Biotech Development; Research Administration; China Relations
Joe Tsien is an internationally recognized scientist, with extensive ties and advisory roles to the biomedical research and health care communities in China. He is globally recognized for his work in determining the brain drivers of memory and intelligence. He serves as director of the Brain and Behavior Discovery Institute and Professor of Neurology at the Medical College of Georgia (MCG), August University, and Georgia Research Alliance Eminent Scholar in Cognitive and Systems Neuroscience.
Tsien pioneered Cre-loxP-mediated brain subregion- and cell type-specific genetic techniques in 1996, enabling researchers to manipulate or introduce any gene in a specific brain region or a given type of neuron. This transformative technique has led to NIH Blueprint for Neuroscience Research in launching several Cre-driver Mouse Resource projects. Tsien is also widely known as the creator of transgenic ‘smart’ mouse Doogie which he created while on the faculty at Princeton University. In 2015, he developed the Theory of Connectivity to describe the origin of intelligence: A "Power-of-Two"-based mathematical principle that outlines the basic wiring and computational logic of the brain. Finally, Tsien has also developed several techniques that are capable of remote measurement of vital signs or abnormal psychological states, which can be useful for telemedicine.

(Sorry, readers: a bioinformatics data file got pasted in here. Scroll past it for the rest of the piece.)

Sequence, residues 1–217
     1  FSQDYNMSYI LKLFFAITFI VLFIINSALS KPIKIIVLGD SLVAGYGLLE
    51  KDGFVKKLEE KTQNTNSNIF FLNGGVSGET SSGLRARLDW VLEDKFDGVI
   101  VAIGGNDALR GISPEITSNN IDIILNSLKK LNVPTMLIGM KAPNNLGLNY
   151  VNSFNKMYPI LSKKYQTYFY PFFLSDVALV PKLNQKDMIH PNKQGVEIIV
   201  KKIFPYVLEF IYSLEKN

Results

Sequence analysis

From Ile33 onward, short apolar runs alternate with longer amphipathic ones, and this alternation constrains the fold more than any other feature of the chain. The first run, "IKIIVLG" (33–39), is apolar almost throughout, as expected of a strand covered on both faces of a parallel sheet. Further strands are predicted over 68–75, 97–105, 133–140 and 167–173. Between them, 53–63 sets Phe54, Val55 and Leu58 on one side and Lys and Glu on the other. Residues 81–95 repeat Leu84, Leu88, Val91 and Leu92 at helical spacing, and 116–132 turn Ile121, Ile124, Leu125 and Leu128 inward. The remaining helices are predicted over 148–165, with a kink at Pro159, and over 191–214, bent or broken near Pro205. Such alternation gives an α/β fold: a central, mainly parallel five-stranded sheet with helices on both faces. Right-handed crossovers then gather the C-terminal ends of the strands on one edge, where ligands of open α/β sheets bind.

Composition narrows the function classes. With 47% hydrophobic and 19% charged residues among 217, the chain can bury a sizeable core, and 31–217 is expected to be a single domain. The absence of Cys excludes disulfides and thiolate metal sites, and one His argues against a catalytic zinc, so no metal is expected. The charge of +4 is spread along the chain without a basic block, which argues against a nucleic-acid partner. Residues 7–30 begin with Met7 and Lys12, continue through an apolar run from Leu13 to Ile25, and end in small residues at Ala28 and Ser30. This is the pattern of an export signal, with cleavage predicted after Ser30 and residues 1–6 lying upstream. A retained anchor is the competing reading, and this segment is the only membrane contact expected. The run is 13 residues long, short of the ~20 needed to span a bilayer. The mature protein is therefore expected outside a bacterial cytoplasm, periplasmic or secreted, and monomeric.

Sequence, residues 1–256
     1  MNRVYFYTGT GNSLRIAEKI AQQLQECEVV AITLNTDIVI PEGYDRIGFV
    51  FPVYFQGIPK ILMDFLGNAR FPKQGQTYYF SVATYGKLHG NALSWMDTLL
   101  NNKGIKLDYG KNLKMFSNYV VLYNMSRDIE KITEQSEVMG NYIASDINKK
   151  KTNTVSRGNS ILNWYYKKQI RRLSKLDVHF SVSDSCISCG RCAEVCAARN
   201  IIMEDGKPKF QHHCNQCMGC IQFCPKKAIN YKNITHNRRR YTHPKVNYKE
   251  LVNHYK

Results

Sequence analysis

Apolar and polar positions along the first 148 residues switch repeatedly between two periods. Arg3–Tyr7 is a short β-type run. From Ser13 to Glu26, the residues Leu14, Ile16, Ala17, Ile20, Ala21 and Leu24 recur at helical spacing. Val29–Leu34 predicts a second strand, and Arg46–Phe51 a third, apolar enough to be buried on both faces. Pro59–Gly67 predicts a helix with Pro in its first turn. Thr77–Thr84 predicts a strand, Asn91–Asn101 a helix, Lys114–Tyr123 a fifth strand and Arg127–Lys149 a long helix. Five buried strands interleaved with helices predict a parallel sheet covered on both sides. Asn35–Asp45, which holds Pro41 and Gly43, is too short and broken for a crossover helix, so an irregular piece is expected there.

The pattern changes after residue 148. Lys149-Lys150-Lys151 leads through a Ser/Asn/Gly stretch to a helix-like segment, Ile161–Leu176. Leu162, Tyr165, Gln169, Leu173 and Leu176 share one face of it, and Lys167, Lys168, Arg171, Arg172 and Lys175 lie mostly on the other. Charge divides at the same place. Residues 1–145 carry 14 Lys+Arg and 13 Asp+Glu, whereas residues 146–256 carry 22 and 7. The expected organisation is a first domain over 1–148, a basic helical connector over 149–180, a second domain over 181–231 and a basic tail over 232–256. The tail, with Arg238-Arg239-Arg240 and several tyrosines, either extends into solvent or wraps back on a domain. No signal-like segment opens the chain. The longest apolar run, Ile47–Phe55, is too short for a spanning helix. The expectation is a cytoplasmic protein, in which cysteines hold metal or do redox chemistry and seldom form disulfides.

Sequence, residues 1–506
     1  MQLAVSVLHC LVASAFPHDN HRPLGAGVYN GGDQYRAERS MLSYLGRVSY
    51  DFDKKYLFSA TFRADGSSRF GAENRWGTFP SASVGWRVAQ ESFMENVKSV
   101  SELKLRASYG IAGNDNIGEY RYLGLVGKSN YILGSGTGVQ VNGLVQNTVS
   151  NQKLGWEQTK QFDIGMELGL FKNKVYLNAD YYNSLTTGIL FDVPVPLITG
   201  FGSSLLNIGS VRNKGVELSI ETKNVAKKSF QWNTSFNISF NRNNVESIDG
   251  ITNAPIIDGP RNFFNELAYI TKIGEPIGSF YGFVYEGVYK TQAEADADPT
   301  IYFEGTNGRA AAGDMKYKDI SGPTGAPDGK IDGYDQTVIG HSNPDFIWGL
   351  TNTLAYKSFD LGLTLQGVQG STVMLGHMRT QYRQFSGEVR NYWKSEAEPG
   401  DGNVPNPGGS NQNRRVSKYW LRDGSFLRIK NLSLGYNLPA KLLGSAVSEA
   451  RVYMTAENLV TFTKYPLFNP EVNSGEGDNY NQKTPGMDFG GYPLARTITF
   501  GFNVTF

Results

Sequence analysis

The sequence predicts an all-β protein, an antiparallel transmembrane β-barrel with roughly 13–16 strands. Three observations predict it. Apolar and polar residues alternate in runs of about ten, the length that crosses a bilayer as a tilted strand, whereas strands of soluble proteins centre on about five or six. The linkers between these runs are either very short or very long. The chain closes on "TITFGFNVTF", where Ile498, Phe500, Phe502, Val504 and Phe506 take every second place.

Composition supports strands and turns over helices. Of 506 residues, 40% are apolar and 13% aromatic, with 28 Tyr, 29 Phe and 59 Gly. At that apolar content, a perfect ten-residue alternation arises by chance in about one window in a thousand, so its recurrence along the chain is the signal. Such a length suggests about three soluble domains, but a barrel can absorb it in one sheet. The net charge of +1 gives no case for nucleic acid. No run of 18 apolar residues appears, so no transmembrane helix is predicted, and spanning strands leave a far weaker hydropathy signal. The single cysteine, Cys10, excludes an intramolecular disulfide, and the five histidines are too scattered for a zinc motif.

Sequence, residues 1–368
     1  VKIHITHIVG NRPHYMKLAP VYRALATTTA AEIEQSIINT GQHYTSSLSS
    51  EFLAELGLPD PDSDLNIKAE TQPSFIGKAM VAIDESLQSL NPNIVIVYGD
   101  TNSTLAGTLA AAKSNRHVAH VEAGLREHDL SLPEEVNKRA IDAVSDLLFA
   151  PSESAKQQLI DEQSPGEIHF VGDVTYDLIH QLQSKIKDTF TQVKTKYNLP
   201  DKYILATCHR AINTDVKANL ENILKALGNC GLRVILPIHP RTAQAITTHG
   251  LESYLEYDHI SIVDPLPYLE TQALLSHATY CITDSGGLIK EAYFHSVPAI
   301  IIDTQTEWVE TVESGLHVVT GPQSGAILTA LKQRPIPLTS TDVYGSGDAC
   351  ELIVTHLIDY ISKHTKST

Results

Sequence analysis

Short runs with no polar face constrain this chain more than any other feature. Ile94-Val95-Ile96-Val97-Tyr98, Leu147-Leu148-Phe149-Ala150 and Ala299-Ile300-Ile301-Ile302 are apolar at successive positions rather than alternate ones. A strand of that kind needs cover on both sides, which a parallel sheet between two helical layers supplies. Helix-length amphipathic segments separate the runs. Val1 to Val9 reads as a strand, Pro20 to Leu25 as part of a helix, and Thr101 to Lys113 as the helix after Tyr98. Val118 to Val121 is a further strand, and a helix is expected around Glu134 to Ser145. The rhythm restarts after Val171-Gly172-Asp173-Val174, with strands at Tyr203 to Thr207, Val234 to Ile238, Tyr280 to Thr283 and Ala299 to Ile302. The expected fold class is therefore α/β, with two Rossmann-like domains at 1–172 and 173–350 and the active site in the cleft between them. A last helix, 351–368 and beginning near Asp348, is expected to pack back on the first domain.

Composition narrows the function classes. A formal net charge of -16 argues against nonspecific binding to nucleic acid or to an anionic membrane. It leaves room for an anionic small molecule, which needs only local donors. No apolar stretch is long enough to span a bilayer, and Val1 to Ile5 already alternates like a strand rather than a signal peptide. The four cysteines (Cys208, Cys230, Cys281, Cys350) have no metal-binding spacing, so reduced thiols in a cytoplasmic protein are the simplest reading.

Joe earned his A.B. in Biology from East China Normal University in Shanghai and his Ph.D. in Molecular Biology from the University of Minnesota. He completed two postdoctoral fellowships with two Nobel laureates, Dr. Eric Kandel at Columbia University and Dr. Susumu Tonegawa at MIT. In 1997 he became a faculty member in the Department of Molecular Biology at Princeton University, and then joined Boston University as Director of the Center of Systems Neuroscience. Beginning in 2007, with his move to MCG, he has led a team of scientists to launch the Brain Decoding Project, a large-scale brain activity mapping effort to study how the mind is produced by the brain.